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Hamilton feeling at home in Princeville with his dog, Kawa.

Never one to back down, Laird Hamilton continues to push himself—in every environment.

Laird Hamilton is many things to many people. To the fitness junkie, he’s the co-founder of the elite training camp on Kaua‘i, Extreme Performance Training (XPT)—a cutting-edge workout program that ranges from immersive experiences and multi-day retreats to one-on-one workshops. He also launched his own clothing line called Laird Apparel, which takes ath-leisure clothing to a new, fashionable level. And to health-conscious coffee aficionados, he’s the name behind the leading line of superfood creamers, coffees and hydration enhancers at Laird Superfood—one of his latest endeavors, which he started just three years go.

“Laird Superfood is definitely at the forefront of my attention given the success it’s having,” he says. “I have a tendency to be a “jack-of-all-trades, master of none,” but I end up having a bunch of different projects, and whatever one has the most energy behind, it, I focus on.”

Hamilton, 54, grew up on Kaua‘i’s North Shore and has always been tuned into the mind/body connection. “Being raised in Hawai‘i and this environment, you become conscious of sleep, good water, sunny days and all the benefits you get from a more holistic lifestyle. When you start to realize how fortunate it is to have all of those different facets, it really plays into your overall wellness,” Hamilton says.

To surfing super fans around the world, he’s the man who has been called “the sport’s most complete surfer … and the best big wave surfer in the world today” by Surfer Magazine, and the star of the recently debuted, award-winning film Take Every Wave: The Life of Laird Hamilton, that documents Hamilton’s remarkable story and rise to surfing royalty. His other film credits include acting as a stunt man and surfer in The Descendants, Water World, Die Another Day and the new Point Break.

To big wave surfers, he’s nothing short of a legend. As a professional surfer, Hamilton has been the main influencer behind surfing innovations like tow-in surfing and hydrofoil boarding. He pioneered his own style on his board, riding some of the biggest waves on the planet and performing groundbreaking stunts on waves as high as 80 feet tall throughout his remarkable career. And Hamilton is nowhere near finished conquering the next big wave.

“The most challenging [professional] pursuit I’ve had is trying to ride the biggest waves in the world—the difficulties of that process and the discipline, determination and patience that it takes … But it still manages to retain my attention and has me wanting to continue to pursue it.”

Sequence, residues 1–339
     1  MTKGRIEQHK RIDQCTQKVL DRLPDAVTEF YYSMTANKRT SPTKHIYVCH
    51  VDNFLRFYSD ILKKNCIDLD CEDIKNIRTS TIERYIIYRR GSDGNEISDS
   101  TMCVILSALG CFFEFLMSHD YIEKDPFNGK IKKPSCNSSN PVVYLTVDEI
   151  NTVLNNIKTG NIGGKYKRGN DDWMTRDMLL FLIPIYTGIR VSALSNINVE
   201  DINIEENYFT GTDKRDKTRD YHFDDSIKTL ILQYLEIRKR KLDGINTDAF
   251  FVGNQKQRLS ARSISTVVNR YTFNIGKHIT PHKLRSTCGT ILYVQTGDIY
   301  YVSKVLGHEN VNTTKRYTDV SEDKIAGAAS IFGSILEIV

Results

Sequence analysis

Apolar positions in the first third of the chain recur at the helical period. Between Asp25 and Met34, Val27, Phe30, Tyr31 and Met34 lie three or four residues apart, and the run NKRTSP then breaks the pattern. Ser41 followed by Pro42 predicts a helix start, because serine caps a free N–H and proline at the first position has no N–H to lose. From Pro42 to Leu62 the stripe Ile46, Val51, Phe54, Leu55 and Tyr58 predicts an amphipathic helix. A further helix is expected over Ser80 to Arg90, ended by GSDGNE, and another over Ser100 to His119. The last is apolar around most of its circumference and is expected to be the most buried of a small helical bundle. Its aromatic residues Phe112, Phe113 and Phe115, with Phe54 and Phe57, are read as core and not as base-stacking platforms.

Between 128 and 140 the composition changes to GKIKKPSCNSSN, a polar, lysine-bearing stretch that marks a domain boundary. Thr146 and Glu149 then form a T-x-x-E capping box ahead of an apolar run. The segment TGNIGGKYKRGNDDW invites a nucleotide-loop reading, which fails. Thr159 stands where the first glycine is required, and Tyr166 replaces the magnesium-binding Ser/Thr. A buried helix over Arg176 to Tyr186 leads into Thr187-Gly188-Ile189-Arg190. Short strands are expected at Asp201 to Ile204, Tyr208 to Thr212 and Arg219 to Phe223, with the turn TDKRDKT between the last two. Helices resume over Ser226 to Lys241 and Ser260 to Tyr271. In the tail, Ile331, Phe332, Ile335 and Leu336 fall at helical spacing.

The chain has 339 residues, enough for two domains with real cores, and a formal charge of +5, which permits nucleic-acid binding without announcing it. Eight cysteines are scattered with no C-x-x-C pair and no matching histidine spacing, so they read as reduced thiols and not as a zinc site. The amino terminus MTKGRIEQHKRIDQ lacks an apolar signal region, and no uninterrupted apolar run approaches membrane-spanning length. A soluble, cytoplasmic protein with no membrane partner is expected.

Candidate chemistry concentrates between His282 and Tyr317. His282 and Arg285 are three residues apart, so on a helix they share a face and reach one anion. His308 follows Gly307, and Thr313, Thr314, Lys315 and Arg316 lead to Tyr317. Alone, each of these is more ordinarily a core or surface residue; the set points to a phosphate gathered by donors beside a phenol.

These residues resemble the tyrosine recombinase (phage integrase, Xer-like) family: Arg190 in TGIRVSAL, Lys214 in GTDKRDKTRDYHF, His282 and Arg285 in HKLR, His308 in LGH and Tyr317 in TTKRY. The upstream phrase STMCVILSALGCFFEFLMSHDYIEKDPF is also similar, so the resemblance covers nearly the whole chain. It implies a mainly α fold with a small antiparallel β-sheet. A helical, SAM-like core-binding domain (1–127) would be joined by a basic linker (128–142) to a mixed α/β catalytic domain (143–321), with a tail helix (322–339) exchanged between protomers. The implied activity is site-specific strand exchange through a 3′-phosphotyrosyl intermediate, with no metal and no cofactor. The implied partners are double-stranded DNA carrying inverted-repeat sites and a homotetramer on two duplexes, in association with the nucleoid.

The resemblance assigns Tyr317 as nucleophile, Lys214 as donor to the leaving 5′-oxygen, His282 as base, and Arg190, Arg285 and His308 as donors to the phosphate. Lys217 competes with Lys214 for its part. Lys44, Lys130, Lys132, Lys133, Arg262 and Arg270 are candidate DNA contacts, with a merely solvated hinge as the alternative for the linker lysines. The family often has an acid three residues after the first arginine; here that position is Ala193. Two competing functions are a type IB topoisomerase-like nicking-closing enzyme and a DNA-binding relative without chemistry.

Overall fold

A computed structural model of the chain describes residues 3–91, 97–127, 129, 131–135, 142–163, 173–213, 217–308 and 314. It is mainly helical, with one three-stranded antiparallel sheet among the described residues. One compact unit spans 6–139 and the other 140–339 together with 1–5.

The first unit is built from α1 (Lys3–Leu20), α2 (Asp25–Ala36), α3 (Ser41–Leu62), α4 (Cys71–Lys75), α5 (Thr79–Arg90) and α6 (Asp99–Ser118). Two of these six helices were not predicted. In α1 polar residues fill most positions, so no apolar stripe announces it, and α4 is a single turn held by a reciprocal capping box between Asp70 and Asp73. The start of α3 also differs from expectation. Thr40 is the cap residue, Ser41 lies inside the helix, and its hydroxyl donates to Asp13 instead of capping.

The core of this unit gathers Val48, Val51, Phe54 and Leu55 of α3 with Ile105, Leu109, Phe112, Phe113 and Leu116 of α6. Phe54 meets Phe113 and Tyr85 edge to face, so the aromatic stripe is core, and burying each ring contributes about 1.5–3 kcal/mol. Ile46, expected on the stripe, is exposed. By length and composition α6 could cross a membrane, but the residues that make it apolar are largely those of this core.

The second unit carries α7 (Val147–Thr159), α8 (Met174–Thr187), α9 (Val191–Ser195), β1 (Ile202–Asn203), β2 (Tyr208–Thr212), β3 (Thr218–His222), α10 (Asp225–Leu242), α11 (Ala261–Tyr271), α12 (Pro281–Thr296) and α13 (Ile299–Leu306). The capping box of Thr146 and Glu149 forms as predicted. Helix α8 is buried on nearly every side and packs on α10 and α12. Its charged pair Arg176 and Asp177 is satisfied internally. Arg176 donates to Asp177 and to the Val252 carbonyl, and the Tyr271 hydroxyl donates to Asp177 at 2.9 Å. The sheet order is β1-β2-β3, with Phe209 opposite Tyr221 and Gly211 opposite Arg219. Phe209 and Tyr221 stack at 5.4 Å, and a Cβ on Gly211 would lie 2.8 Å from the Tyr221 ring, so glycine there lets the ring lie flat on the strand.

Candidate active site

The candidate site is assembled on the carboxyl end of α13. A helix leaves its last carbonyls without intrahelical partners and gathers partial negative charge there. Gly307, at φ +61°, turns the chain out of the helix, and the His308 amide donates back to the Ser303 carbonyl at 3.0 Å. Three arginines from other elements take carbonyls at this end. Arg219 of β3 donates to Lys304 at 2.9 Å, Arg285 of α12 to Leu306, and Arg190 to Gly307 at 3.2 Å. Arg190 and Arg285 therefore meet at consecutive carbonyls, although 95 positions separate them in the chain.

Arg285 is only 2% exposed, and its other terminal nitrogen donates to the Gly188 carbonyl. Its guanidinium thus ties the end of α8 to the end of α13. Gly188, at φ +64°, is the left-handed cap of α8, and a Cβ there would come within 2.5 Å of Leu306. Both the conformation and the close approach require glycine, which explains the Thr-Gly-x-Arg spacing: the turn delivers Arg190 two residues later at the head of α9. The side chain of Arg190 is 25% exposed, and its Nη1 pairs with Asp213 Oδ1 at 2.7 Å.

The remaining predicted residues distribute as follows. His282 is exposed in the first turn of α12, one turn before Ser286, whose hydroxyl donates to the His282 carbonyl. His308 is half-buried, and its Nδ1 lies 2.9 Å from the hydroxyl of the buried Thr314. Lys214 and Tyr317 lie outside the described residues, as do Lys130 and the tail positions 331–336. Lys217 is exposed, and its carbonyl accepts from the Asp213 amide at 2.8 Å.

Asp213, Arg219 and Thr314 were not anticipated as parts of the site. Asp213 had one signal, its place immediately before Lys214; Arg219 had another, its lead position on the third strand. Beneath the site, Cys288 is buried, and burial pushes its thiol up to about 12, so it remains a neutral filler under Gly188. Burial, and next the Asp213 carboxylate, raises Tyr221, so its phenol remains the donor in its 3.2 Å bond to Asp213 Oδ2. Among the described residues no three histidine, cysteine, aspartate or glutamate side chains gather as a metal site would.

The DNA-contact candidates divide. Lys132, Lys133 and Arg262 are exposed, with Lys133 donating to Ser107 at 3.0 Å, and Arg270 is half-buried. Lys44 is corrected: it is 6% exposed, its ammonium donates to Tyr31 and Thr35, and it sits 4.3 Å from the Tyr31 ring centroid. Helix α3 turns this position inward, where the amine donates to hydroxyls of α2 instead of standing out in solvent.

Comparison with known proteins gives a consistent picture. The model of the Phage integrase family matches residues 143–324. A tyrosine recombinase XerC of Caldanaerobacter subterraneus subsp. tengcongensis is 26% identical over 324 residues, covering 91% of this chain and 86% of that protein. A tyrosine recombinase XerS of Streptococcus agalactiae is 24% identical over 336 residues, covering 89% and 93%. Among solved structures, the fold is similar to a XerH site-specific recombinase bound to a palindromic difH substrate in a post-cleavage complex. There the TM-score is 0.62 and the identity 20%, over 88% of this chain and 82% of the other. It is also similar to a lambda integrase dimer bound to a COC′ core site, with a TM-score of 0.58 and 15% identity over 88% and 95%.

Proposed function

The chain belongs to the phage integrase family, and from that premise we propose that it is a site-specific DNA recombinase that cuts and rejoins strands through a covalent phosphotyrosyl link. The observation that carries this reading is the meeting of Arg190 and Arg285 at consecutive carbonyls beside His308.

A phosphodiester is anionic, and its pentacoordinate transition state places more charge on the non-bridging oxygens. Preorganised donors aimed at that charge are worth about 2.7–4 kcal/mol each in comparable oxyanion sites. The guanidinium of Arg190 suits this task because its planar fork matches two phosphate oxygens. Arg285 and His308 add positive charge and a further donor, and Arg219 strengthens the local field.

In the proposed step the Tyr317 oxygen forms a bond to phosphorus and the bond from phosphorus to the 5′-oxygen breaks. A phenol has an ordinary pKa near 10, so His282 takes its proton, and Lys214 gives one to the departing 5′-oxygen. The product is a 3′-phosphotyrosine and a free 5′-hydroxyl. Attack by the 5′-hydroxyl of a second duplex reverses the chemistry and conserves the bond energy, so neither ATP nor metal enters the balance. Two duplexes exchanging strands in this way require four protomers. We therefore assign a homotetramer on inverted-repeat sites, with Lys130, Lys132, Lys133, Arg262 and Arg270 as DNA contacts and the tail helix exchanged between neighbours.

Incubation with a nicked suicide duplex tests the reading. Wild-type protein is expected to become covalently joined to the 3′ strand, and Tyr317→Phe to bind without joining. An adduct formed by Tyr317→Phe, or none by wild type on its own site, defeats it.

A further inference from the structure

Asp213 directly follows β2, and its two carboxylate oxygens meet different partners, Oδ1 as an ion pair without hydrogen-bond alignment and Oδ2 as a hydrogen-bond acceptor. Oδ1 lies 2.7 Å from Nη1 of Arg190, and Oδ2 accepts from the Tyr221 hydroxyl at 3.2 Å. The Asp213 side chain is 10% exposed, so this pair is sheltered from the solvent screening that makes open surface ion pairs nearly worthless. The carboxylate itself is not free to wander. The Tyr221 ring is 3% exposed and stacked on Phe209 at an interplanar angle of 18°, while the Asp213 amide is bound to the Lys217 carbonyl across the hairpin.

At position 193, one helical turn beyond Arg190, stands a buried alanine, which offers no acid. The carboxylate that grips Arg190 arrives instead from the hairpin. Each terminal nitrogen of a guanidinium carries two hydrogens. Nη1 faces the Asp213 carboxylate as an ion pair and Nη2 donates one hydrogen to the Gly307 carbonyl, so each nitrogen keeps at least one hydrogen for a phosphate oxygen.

The number of buckets Hamilton has been dropped into continues to grow. He’s known around the world for his role as author, model, fitness icon and entrepreneur; but to one California family, Hamilton is so much more than a celebrity or businessman.

He’s a hero.

On April 14, 2018, the Gwilliam family was forced to spend the final day of their vacation on the North Shore of Kaua‘i inside their rental home along the river. On that day, the worst storm in recent history hit the island, dumping a record 28 inches of rainfall in less than 24 hours. The storm did so much more than merely put a damper on their otherwise sunny family vacation; it left the Gwilliams stranded after the rain washed out a nearby bridge and sunk all roads leading out of town beneath two feet of water.

Unbeknownst to them, the Gwilliams had rented a vacation home across the river from the Hamiltons, who sprang into action after learning the U.S. Coast Guard wouldn’t be able to perform any rescues in Hanalei. Without a second thought, Hamilton manned the wheel of the same personal watercraft he had used in the past to catch giant waves, only this time his intention was to catch the Gwilliams family before it was too late.

Not only did he manage to bring the family to safety, but he also went on to perform 75 other rescues throughout the next six days, including a group of 15 young girls that were left stranded during a sleepover at a nearby surf camp.

Hamilton’s heroics came as no surprise to his North Shore community, who helped him and his wife, professional volleyball player and model Gabrielle Reece, rally during the storm to help rescue everything from people and pets to bison and family heirlooms.

The couple has called the area home for years and currently in the process of building their own place there. Literally. Hamilton says, “I’ve built four houses from scratch. I can do a certain level of every aspect of the building process … These house projects, I design them, put the waterlines in, dig the foundations, build them from scratch—I start from raw land and go all the way to finishing them. I like doing that—that’s another one of the facets to the wheel.”

Kaua‘i is where they first experienced the purest meaning of ‘ohana (i.e., community and/or family). It’s also where they raise their daughters and run their many business ventures and philanthropic projects for half of the year (the other half is spent at their other home in Malibu, Calif.).

Hamilton is the heartbeat behind numerous non-profit organizations—including the Surfrider Foundation, Race Across America, Pipeline for a Cure for Cystic Fibrosis, Rain Catcher, Muscular Dystrophy and City of Hope—where he uses his passion for people and community to extend the spirit of ‘ohana to the rest of the world.

“In the pursuit of trying to get, you realize that the best thing you can get is to give,” Hamilton shares. “For me, I’ve come to realize that I enjoy giving, that giving is a great thing, whether it’s of your time, your knowledge or monetary. The sooner people start to do that, the sooner they will feel accomplished.”

For more information on this altruistic athlete, lairdhamilton.com.